There is some evidence that the housing market in many urban markets have cooled. This cooling offers some hope for those who still want to enter the market but no doubt also generate some fear among those who paid premium home prices over the past few years. A series of public opinion surveys shows our how important owning a home is for Canadians. It also shows key barriers for entry.
Owning a home is widely viewed as important with 86% of Canadians feeling that it is an important milestone (Zoocasa survey). As you would expect, housing status is strongly related to age (82% of Boomers own compared with only 47% of Millennials). Historically buying a home has been a rite of passage.
Certainly most non-owners intend to buy a home. More than a quarter (27%) intend to do so in the next 1 to 2 years. The Zoocasa survey results show more homeownership among Millennials than a CIBC poll conducted in March. Home ownership only approaches 45% among this older Millennials. Only 16% of those under 23 years of age own their own home versus 45% among those 30 to 37 years. The CIBC poll does show that most renters or those living in another situation (non-owners) intend to buy a home.
The high intention to purchase is important because of the strong link between owning a home and financial health identified in the next section. That said, both polls show that achieving the dream of home ownership will be a challenge and potentially a frustrating experience for people who don’t already have one.
- The CIBC survey found that the average amount of savings that renters have each month is only $368 per month. Achieving a downpayment at this level would be a challenge.
- Overall among those who do not own, 38% have saved less than $5000 for a downpayment.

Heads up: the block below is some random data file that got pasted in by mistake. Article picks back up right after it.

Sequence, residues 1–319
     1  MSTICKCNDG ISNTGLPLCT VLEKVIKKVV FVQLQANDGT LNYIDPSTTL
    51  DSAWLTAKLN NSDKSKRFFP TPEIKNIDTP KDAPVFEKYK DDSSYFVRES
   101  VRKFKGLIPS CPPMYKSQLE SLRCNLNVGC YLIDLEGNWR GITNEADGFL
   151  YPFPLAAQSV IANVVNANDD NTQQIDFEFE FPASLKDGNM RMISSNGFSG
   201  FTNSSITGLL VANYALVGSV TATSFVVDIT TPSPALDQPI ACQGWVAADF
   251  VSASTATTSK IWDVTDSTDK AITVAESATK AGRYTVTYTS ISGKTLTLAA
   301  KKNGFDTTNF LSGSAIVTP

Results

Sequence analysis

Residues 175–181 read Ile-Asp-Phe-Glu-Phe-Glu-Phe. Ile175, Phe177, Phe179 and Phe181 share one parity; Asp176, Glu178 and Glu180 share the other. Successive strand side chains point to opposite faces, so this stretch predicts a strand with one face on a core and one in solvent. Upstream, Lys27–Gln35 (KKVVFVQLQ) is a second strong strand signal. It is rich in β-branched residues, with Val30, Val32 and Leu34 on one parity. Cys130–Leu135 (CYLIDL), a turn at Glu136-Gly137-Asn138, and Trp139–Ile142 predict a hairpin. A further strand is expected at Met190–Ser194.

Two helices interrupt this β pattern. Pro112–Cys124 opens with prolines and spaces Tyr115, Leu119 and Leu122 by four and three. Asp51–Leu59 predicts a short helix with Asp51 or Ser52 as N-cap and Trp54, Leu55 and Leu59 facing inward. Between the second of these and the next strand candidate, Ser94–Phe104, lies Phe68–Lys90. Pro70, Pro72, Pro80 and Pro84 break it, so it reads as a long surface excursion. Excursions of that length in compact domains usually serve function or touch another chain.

In general, Canadians continue to believe that owning a home is a good investment according to a recent survey conducted by Ipsos for RBC. This is virtually unchanged since 2015.
Intentions to buy bumped up in 2018 according to the same survey with 32% of Canadians somewhat or very likely to purchase a home or another home in the next two years. This compares to only 25% last year. Softening prices may entice some to purchase sooner rather than later as will the potential for interest rates to rise.
Housing as an Indicator of Financial Health
Owning your own house is a sign of financial health. A recent survey conducted for Genworth in conjunction with the Canadian Association of Credit Counselling Services (CACCS) shows that 60% of Canadians who are a homeowner feel they are in at least pretty good financial health compared with only 38% of those who do are not homeowners.
The dream of homeownership remains firmly entrenched in the Canadian public with almost all of those who do not own a home wanting to do so in the future. We might ask ourselves if this unrestrained desire for owning a home has contributed to many Canadians entering the real estate market and taking on debt they cannot afford. Certainly, Canadians report living close to the edge. Nevertheless 32% of Canadians intend to buy a home/ another home in the next two years.
For young people the home ownership may end up being out of reach. Given higher expected interest rates and only a small abatement in prices, the quick entry into the housing market that so many young people want may not be possible. This is problematic because we know that those who have homes do feel more financially secure and because it contributes to the feeling among younger people that their financial future is not as secure as that of their parents.
CIBC online survey conducted between March 19 and 26, 2018 (n=1471) with those 18 to 37 years of age. Release
Ipsos, survey for RBC. Survey conducted online with 2000 Canadians(January 9 to 24, 2018) Report
Genworth/Canadian Association of Credit Counselling Services (CACCS) survey conducted between February 8 – March 27, 2018 (n=2,000). Report
ZoocasaSurvey conducted in March 2018 (n=1431) Report